1. You can have comments on the free version. I think if you click on ‘My Site’ (should be at the top left) and then ‘Settings’ (at the bottom left) you should get four options at the top of the main screen. Click on ‘Discussion’ (third one along) and that will give you the option to allow commenting.

      Yes, exercise is important. I’ve fallen out of the habit lately, but I used to jog a couple of times a week. I’m hoping to get back into that.

      My second Aspergers assessment was done by a specialist, I think. It really just left me with more questions, as they said I had a lot of the symptoms, but not broken down in the right way for diagnosis. I’ve never been quite sure what to make of that.


      1. Thank you, I’m useless at anything vaguely tech!! And cos I’m new to this, it’s going to be a long learning process. Most of the things it asks I don’t know what they’re talking about! So thank you, that’s really helpful (and sounds easy to follow!). I’ll give it a go soon.

        Re assessment; that sound really frustrating, not to have a certain answer (especially when I know u wld have spent a lot on it!!). I’m almost at the opposite end, where I’ve taken my kids to b assessed and have been given a very quick positive result. One I’m not sure fits enough; some traits but not enough. (Kind of my reason for starting my blog; the journey of confusion..)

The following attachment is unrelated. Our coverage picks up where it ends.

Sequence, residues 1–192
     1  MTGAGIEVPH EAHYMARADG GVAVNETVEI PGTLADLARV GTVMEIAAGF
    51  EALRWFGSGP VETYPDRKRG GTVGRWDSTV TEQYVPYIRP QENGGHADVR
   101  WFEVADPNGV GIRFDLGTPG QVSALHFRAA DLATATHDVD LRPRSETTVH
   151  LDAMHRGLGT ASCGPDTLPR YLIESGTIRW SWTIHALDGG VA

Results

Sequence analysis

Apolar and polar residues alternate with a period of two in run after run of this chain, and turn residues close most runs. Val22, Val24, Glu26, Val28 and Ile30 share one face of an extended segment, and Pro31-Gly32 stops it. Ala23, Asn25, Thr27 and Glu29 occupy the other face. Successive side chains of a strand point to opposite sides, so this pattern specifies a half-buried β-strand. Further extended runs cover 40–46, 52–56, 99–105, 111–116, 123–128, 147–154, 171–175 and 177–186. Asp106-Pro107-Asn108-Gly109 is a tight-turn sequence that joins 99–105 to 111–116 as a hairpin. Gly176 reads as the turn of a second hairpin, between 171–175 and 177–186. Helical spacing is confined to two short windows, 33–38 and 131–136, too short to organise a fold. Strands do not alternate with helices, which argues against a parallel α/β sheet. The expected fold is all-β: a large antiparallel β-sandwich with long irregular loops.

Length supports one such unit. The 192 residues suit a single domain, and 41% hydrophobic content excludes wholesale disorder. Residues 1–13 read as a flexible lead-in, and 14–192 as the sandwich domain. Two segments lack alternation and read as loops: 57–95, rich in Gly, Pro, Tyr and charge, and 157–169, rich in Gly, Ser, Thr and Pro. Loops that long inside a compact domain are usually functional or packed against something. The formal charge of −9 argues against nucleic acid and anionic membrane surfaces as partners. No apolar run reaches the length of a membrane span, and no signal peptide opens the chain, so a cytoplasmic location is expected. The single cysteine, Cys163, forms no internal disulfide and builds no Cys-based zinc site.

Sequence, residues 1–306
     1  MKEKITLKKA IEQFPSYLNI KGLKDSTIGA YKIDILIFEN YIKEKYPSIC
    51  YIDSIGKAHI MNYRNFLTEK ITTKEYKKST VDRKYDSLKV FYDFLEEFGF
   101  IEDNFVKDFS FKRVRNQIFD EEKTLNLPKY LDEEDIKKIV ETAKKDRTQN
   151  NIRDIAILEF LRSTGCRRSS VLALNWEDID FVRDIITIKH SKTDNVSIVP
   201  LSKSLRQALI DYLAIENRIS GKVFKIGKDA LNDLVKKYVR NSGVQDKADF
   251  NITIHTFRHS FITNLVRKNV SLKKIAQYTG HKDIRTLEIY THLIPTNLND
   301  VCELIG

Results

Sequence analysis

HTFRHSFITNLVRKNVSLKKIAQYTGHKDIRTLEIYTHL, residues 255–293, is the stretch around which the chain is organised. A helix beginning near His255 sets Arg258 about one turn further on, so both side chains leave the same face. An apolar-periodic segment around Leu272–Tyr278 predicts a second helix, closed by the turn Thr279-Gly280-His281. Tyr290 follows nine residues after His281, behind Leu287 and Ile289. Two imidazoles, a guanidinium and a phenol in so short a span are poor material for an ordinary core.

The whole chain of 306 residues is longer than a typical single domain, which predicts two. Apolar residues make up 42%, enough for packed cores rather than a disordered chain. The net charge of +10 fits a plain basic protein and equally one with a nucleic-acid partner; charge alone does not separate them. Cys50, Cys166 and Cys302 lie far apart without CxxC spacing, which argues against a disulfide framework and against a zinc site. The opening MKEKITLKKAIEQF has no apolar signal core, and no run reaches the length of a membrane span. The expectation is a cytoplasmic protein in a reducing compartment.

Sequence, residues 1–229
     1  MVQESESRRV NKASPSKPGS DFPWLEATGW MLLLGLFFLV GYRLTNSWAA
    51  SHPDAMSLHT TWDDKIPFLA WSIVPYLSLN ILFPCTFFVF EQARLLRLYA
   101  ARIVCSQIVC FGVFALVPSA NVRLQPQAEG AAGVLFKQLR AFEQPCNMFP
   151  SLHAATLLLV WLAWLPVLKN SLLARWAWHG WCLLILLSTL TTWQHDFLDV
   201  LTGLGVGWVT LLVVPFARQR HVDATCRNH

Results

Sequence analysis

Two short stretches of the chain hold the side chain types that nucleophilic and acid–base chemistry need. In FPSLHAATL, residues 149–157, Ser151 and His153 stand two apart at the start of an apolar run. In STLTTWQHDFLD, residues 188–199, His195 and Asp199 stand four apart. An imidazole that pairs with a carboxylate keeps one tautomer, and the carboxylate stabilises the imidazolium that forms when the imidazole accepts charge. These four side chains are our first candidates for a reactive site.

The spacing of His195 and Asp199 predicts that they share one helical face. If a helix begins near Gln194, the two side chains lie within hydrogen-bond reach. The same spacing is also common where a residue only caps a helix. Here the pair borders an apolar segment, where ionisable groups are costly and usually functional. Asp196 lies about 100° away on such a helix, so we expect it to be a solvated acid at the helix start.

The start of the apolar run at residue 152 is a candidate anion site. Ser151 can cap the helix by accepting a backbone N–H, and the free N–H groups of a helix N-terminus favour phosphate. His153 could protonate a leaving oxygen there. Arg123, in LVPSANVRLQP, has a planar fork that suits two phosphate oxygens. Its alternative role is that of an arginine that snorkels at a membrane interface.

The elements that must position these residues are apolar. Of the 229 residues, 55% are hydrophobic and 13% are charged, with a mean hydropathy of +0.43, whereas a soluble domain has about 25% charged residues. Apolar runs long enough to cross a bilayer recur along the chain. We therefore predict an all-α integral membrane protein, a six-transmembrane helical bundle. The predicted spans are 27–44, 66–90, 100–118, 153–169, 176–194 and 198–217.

The reason for a diagnosis is really just so u can understand yourself better and then get support where necessary. It’s not that a diagnosis changes who u are, you’re still the same. But to be told ‘maybe’ isn’t helpful, is it? Ugh.

        Thank u for your help
        And wishing u a positive day.


  4. Re: assessment, it is very frustrating, although as I live in the UK I was assessed in the public sector so I didn’t have to pay.

    I guess I would like a diagnosis to feel able to say to myself and to other people, “This is who I am” but I worry about being told I don’t have autism for the third time and what that would mean for my self-image. Although if I was diagnosed, that could result in my using it as an excuse to avoid social things and tell myself I will never be able to get a job/married.